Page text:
8 Oct 07:49 2014
Re: Making Secure HTTPS requests, SSL Method, and Certificate Management using Twisted
Glyph <glyph <at> twistedmatrix.com>
2014-10-08 05:49:37 GMT
2014-10-08 05:49:37 GMT
On Oct 6, 2014, at 7:55 AM, Carl Waldbieser <cwaldbieser <at> gmail.com> wrote:
I have a couple projects I am working on where I would like to make HTTPS requests using Twisted. I reviewed the articles "Using TLS in Twisted"  and "Using the Twisted Web Client" (section "HTTP over SSL") . It seems like various options exist that will allow me to make HTTPS requests using the CA certs bundled on the client OS.
Thank you for diligently studying all of our existing documentation on the subject. I apologize for its deficiencies. This API has grown in fits and starts over the last decade or so and it has not ended in the most consistent shape. Hopefully we can improve this based on your feedback for the next release.
I would like to be able to tell my HTTPS clients to accept specific *internal* CA certificates *in addition* to the certificates provided by the OS. Initially, I thought this might be possible by passing a custom t.w.c.BrowserLikePolicyForHTTPS to the t.w.c.Agent as its `contextFactory` argument. I wasn't quite sure how to go about doing this, so I got some advice on StackOverflow . With some slight modifications to the solution presented there, I was able to create a custom Trust Root that accepted a list of paths to CA cert files in PEM format that I wanted to add to the client. The custom trust root is passed to the BrowserLikePolicyForHTTPS. The policy is passed to the Agent.
The one hitch is that the IOpenSSLTrustRoot interface upon which my custom trust root is based is located in `twisted.internet._sslverify`, which if I understand correctly, is a private module and not supposed to be used as an API. Is there a *supported* way to specify *additional* CA certs to use during SSL verification when making HTTPS requests using Twisted? If so, what is the recommended method?
Well, the "good" news is, on OS X, if you're using the bundled system OpenSSL, you can't turn this behavior off: <https://hynek.me/articles/apple-openssl-verification-surprises/>. Although we may eventually ship a mitigation for this vulnerability in Twisted, so probably best not to rely on that long-term :).
The bad news is that, no, we really had two use-cases in mind here; either:
- your software is trusting the trust cartel as specified by the operating system vendor and/or the user, and your software is opting out of any trust configuration, or
- your software has a specific understanding of its trust root and is specifying it explicitly, because it knows who it expects the peer to be signed by
So while your use-case sort of makes sense to me, it didn't come up in the last round of SSL enhancements and there's no straightforward way to go about this.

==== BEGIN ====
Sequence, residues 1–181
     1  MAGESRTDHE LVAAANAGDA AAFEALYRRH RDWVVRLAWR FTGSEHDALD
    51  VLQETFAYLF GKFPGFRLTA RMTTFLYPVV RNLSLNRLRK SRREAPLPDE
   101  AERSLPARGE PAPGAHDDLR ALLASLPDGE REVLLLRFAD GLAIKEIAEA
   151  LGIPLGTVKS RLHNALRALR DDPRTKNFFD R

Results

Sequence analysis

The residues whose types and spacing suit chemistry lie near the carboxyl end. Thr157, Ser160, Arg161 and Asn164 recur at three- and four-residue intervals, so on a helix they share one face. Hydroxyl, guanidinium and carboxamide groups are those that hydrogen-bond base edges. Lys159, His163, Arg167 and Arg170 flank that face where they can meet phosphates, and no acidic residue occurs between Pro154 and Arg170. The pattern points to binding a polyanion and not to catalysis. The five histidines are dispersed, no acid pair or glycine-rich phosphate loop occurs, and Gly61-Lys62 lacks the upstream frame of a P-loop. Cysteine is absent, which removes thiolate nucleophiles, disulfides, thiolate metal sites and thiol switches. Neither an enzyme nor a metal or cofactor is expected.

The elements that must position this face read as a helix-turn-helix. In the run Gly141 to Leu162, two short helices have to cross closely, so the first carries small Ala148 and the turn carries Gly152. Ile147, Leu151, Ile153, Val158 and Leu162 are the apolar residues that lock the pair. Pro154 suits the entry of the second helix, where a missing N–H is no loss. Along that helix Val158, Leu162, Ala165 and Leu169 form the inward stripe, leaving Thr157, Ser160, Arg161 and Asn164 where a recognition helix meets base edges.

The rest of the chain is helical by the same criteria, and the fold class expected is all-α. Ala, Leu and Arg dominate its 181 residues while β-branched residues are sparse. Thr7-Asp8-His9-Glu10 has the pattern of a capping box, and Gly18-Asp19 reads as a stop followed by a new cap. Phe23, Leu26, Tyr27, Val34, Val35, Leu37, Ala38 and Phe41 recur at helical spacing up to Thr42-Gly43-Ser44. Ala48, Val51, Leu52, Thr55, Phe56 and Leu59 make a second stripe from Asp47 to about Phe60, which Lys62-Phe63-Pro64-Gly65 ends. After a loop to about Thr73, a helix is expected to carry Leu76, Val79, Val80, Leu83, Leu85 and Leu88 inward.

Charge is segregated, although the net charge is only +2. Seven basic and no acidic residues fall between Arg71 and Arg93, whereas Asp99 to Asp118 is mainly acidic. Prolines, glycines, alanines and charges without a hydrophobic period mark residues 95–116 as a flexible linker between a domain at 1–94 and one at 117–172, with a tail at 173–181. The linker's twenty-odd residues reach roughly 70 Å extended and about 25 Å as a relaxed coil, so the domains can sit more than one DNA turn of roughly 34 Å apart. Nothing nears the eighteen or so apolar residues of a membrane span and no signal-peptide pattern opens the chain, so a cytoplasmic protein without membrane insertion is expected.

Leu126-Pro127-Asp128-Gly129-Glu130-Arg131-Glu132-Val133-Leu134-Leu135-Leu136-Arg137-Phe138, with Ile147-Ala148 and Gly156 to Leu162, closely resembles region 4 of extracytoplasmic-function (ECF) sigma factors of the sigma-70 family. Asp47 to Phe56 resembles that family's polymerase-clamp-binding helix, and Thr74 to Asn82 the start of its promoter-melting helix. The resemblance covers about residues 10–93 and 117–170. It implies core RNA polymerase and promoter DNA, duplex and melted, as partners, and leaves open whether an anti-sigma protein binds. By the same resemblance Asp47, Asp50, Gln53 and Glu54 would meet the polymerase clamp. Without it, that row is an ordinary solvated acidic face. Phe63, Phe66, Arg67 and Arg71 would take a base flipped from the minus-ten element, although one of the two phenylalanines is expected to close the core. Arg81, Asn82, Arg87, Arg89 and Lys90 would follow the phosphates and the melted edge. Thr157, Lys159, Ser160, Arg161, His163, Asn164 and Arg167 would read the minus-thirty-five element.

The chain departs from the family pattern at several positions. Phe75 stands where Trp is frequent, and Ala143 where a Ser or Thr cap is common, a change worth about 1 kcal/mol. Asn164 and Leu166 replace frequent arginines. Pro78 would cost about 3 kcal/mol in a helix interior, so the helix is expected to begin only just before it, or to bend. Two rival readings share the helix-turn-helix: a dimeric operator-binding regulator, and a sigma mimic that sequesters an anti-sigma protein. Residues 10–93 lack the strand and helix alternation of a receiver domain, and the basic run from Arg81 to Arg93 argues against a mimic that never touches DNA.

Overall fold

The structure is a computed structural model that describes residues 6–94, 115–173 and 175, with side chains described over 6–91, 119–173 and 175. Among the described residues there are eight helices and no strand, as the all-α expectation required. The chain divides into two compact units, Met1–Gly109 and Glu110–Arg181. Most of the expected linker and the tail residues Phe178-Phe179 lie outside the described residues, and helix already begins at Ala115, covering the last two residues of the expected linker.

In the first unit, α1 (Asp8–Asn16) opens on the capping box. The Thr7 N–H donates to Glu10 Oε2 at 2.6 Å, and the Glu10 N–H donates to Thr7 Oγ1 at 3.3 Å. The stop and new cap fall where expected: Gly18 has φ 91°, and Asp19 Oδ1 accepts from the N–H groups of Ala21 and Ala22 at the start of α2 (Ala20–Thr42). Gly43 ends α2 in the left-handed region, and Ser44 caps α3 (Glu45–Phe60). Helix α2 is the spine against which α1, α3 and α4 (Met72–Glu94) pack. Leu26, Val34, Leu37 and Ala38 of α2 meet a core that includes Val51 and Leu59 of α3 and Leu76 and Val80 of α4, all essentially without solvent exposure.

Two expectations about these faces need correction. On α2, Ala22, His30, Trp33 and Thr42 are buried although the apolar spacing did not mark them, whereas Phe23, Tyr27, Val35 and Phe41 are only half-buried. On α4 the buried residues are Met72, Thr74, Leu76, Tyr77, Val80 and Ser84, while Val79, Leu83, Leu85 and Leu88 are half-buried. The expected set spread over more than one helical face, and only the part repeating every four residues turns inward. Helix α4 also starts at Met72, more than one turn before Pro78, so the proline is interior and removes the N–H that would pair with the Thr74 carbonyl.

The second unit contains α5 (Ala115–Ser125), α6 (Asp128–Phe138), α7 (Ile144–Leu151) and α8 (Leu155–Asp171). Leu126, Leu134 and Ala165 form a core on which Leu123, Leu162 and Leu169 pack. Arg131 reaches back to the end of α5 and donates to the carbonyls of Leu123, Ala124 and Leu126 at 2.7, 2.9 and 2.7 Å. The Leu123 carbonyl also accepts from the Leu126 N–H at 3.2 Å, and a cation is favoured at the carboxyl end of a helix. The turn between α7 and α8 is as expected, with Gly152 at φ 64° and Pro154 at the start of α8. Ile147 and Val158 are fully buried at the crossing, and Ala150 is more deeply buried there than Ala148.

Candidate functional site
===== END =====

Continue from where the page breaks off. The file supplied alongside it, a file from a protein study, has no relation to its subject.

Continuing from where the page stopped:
However, it should nevertheless be possible to do it without delving into the private API.
If you write your own IOpenSSLClientConnectionCreator, like this:
from twisted.internet.interfaces import IOpenSSLClientConnectionCreatorfrom twisted.python.components import proxyForInterfaceclass AddExtraTrustRoots(proxyForInterface(IOpenSSLClientConnectionCreator)):def __init__(self, extraTrustRoots, original):self._extraTrustRoots = extraTrustRootssuper(AddExtraTrustRoots, self).__init__(original)def clientConnectionForTLS(self, tlsProtocol):connection = (super(AddExtraTrustRoots, self).clientConnectionForTLS(tlsProtocol))cert_store = connection.get_context().get_cert_store()for cert in self._extraTrustRoots:cert_store.add_cert(cert)return connection
you can delegate to the pyOpenSSL API for manipulating the trust settings of the connection, although Twisted will not provide a high-level wrapper for this.
You can then use the above wrapper like:
options = AddExtraTrustRoots([OpenSSL.crypto.load_certificate(OpenSSL.crypto.FILETYPE_PEM, "..."), ...], optionsForClientTLS(u"google.com"))
I haven't tested this, let me know if I've overlooked something terrible :).
Another related concept that was not clear to me is how one might specify the SSL method (e.g. SSLv23_METHOD, SSLv3_METHOD, etc.) when making the request. Is there some recommended way to pass options to indicate the SSL method that ought to be used?
The default configuration allows for TLSv1.0, TLSv1.1, and TLSv1.2 (insofar as those versions are supported by your OpenSSL). Do you really, really, really need to support worse protocol versions than that?
You don't actually want to change the "method", as "method" is a bizarre fiction of the OpenSSL API and is not actually how the protocol works; SSLv23_METHOD is the only "method" that allows protocol version negotiation, so you always want to start there and then set/unset the appropriate OP_NO_* options for the protocol versions you want to exclude.
This is all pretty tedious and gross so if you're sure you want to do it I will describe how in the next reply :).
Any guidance would be appreciated.
I hope that this was sufficient!
_______________________________________________ Twisted-web mailing list Twisted-web <at> twistedmatrix.com http://twistedmatrix.com/cgi-bin/mailman/listinfo/twisted-web